In response, Twitter announces it will introduce a ‘report’ button on individual tweets
Stella Creasy, Labour MP for Walthamstow, has turned to seek help from police after receiving a stream of abuse on Twitter, including threats of physical and sexual violence.
Creasy had become a target for threats after she expressed support for Caroline Criado-Perez, another victim of online abuse who successfully campaigned to put an image of Jane Austen on a £10 banknote.
The hate campaign waged by anonymous Internet ‘trolls’ has put the spotlight on Twitter. Users have criticised the microblogging platform for its slow response and the complexity of the reporting process.
After several days of silence, Twitter has reacted by promising to include a simple ‘report’ button on every tweet. “We are not blind to the reality that there will always be people using Twitter in ways that are abusive and may harm others,” read a statement on the Twitter blog.
A petition calling for Twitter to add a ‘report abuse’ button, launched on Saturday, has so far attracted almost 70,000 signatures.
It has been a difficult few days for Twitter. First, the trolls attacked Claire Perry MP, the woman who masterminded the ’opt-out’ adult content filter plans, announced by the Prime Minister last week.
Then, the angry mob switched to freelance journalist and feminist campaigner Criado-Perez, who launched the petition to feature more women on banknotes. And on Monday, police confirmed they were investigating threatening messages sent to Creasy, including rape threats.
Rather than ignoring the tweets and blocking their authors, the MP had engaged the trolls, told them she was logging the threats and retweeted some messages to her 30,000 followers and the Waltham Forest police station. She even started a special hashtag, #takebacktwitter.
— stellacreasy (@stellacreasy) July 29, 2013
Meanwhile, Criado-Perez appeared on Newsnight on Monday, admitting that the threats have made her feel vulnerable, but they wouldn’t drive her “off the Internet”. Police have already questioned a 21-year-old man in connection with threats to Criado-Perez.
Both women have criticised the way Twitter has handled the situation. Creasy said it was difficult to get in touch with the representatives of the company, and filling in the reporting forms took too much time. Even after Twitter suspended some accounts, it was obvious that their users were just creating new accounts and continuing with their assault.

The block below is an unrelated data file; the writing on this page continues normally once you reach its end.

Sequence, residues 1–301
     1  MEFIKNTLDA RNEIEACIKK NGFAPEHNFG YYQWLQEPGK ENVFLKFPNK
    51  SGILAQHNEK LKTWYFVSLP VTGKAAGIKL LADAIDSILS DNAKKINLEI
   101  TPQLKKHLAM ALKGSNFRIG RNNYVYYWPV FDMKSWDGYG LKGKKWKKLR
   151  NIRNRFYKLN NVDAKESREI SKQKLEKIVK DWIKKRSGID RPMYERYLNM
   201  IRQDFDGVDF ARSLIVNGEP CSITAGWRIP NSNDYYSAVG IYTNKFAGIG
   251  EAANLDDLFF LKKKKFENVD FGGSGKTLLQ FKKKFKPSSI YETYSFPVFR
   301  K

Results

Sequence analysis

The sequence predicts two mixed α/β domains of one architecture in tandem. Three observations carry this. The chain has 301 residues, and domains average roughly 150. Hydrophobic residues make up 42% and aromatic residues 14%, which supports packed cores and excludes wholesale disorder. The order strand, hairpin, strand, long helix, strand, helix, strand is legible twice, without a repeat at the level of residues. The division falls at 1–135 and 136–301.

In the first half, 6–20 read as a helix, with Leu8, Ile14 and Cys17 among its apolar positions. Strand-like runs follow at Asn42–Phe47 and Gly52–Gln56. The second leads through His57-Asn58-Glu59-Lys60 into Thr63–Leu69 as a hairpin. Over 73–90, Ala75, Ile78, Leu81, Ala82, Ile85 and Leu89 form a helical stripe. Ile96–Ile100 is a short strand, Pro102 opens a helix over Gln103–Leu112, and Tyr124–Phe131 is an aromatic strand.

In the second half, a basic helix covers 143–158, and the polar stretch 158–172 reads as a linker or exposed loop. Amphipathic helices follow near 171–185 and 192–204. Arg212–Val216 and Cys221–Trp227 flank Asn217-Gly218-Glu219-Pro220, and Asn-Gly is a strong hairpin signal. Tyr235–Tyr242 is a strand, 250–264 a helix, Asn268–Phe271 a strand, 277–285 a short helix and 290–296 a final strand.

“Free speech is incredibly important on and offline, but it’s not free speech for someone to be threatened with rape. We have to have ways of dealing with that and we mustn’t misunderstand the level of cyberharassment taking place in this country,” said Creasy during an interview on BBC Radio 4.
In response, Twitter has announced plans to include a button for reporting abuse within every tweet, a feature currently present in its iOS app, but not online or on other mobile platforms.
“We are constantly talking with our users, advocacy groups, and government officials to see how we can improve Twitter, and will continue to do so. Such feedback has always played an important role in the development of our service. We hope the public understands the balances we’re trying to strike as we continue to work to make our systems and processes better,” wrote Del Harvey, senior director of trust and safety at Twitter.
Jim Killock, executive director of the Open Rights Group, warned that any solution achieved through the online platform will be “inadequate,” and suggested it is the job of the law enforcement agencies to deal with threats.
“Depending on the volume of complaints, abuse buttons would use automated sifting techniques. Thus they could be prone to abuse, or at the very least, mistakes. This may not mean that they are irrelevant, but they may not be as useful as is hoped,” he said.
“In the case of victims of harassment, the police need to investigate, arrest and prosecute offenders. No doubt, after a few cases, people would start to avoid crossing a line.”
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